Wednesday, August 13, 2008

If You Design Stilettos, You Must Wear Them!

This article is about the need for stepping into a user's shoes, and staying in them. We have been revisiting (read: obsessing over) the login process in our virtual fairs, trying to make it as seamless as possible for the novice as well as the repeat-user.

Over the years, as we evolved based on the needs of event producers and organizers, we have developed some timeless rules that we follow for entry into virtual trade shows or other virtual fairs. Our core product design philosophy has leaned towards minimalism, with a heavy emphasis on simplicity for the end-user. Staying within those timeless rules while continually striving for security and increased simplicity is a delicate trapeze act.

Our customers appreciate this approach because they often happen to be end-users of the virtual fairs themselves or close to the end-users. I believe, that makes a big difference in how the virtual fair evolves. If we design stilettos, we must wear them.

Even before the virtual fair is generated, we gather from the customers the general parameters for the virtual fair that they expect. We seek answers to questions that cover non-technical process-issues and business or organizational aspects. It gives our services a holistic approach. We don't like to throw technology and a bunch of features at our customers until they add value - functional or aesthetic or preferably, both. One size does not fit all in the business of virtual trade shows and niche virtual fairs. Armed with such rounded knowledge about the customer, we configure the platform to create a complete event site but we do not tighten all the nuts and bolts yet. Before the virtual fair is finalized for pre-registrations to commence, we have one or more web-conference sitting(s) with our customer to tailor the navigation to suit their specific needs. It is a highly collaborative process. We step into their shoes and into the shoes of their users to arrive at the simplest possible way for them to experience the virtual fair. It helps tremendously when the virtual event producer or organizer is close to the user of the virtual fair. It helps tremendously when the virtual event producer or organizer feels the pain of the end-users.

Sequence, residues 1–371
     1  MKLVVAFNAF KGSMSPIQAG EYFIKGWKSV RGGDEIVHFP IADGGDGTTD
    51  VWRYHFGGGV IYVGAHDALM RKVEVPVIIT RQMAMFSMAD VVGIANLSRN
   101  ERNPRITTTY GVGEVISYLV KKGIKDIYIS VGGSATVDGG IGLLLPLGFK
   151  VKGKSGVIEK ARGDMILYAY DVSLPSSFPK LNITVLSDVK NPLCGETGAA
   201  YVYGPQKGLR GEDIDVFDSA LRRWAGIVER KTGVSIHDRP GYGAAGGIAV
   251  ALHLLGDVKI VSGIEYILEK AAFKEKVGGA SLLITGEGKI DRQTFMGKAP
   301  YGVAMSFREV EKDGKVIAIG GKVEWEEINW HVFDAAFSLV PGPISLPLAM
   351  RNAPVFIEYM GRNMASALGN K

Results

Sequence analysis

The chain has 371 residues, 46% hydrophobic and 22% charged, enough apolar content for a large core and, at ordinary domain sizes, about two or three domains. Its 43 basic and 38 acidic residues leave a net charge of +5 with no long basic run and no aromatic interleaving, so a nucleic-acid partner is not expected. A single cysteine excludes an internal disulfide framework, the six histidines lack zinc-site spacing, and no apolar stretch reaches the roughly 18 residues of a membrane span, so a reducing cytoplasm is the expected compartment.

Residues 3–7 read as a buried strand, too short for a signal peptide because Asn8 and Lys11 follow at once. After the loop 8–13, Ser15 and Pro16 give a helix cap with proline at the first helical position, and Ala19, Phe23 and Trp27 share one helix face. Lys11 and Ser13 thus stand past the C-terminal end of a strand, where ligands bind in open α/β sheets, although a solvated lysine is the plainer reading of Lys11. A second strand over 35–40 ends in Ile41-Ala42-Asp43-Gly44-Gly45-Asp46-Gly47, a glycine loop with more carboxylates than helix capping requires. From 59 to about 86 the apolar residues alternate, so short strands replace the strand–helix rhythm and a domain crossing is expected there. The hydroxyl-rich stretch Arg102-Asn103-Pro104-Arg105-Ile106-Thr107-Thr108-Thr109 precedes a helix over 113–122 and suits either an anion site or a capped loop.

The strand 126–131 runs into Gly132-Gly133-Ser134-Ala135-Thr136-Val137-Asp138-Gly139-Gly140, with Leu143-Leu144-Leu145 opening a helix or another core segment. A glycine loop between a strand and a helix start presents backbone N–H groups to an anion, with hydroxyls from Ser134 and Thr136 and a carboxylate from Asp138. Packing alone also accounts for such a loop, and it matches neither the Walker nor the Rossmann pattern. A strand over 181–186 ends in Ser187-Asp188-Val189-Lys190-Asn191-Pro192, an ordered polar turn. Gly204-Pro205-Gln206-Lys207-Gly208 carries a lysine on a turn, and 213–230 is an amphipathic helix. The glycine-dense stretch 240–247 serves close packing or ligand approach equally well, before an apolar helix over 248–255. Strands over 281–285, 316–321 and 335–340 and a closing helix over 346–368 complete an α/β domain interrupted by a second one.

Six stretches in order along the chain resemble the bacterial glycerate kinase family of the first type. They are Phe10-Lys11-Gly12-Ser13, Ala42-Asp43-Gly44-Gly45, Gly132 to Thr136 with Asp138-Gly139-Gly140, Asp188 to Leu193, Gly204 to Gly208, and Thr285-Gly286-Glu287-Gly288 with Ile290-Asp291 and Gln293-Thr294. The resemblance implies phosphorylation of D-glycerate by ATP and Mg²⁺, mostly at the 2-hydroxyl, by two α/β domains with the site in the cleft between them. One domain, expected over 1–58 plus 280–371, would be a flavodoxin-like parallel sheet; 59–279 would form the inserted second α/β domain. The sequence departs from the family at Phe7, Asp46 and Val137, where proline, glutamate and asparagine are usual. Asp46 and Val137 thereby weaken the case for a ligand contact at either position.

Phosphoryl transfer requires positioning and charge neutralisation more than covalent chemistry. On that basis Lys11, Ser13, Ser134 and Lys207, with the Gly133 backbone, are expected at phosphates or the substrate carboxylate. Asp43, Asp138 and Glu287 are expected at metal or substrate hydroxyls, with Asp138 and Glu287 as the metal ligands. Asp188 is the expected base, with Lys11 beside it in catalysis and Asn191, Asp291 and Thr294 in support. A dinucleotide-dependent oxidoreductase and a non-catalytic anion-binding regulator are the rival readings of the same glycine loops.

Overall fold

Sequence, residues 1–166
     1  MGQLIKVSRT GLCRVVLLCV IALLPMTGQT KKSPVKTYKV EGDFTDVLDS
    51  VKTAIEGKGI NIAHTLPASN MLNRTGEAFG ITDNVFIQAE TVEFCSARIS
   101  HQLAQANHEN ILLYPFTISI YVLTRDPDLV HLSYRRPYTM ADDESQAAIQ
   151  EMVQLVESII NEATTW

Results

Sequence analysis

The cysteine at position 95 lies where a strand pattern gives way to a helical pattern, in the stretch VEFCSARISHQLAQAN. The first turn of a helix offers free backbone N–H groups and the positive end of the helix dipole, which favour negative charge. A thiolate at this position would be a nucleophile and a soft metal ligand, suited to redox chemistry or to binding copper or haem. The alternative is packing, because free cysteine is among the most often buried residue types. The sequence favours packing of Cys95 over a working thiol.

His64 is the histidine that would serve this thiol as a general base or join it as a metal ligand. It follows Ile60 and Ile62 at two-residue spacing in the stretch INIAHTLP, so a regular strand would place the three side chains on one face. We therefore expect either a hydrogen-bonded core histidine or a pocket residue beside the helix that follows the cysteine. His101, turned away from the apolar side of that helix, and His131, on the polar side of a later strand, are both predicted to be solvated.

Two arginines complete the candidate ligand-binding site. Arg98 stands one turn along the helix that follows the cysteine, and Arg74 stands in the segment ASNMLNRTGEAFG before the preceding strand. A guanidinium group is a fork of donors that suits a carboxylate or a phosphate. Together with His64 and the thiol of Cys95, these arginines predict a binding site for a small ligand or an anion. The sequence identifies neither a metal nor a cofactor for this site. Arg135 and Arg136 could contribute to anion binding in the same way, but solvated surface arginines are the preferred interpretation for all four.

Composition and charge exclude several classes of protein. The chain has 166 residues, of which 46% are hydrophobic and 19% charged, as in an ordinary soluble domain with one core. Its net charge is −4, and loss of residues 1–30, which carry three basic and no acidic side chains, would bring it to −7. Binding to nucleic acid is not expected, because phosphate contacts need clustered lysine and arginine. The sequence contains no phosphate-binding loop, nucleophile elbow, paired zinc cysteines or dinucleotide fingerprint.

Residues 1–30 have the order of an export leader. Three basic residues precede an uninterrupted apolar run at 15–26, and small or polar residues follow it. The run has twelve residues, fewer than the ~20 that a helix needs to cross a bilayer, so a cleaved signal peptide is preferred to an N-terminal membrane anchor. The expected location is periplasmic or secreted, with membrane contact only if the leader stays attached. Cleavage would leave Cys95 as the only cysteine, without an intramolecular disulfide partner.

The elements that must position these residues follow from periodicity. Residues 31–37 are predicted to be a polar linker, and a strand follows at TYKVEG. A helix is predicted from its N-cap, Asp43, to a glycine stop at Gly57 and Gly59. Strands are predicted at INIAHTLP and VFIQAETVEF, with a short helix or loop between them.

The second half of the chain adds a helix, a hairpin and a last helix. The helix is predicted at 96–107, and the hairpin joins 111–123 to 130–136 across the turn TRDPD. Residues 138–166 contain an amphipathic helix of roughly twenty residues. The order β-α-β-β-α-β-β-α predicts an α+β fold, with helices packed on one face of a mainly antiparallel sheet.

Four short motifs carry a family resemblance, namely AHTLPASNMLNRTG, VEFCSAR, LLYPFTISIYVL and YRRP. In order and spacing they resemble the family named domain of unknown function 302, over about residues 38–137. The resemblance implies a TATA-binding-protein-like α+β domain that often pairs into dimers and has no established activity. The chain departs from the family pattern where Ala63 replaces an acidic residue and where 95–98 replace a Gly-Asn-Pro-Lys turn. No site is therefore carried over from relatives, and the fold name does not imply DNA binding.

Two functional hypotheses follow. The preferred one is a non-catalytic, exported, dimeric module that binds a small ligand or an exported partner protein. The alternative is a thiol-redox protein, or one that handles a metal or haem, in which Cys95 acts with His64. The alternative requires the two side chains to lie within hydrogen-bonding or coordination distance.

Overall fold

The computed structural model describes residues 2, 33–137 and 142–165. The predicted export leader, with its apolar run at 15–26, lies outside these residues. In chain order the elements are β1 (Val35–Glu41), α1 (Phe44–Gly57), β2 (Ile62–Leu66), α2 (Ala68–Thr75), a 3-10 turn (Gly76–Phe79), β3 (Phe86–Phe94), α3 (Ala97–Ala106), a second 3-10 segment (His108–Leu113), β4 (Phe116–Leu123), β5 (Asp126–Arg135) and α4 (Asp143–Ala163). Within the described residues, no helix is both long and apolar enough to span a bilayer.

This approach reflects empathy in action in technology rollouts.

This process works really well. We stay flexible enough to adapt our hosted software around the needs of the specific user groups, so that their pain is eliminated. The pain may be a business process inefficiency, a resource constraint or simply logistical headaches. A virtual trade show, or for that matter, any kind of virtual fair needs to be a pain-killer. A seamless navigation without guesswork allows users to focus on the business at hand. With each virtual fair that we do, we learn how to avoid and eliminate the possibility of pain. That means starting with the login process. Obsessing over the login process therefore makes it worth every moment spent doing it.

All this talk of stepping into the users' shoes brings up an interesting analogy. It makes one wonder - if designers of stilettos were mandated to walk and, yes - even run in their own creations, would they be designed differently? You bet!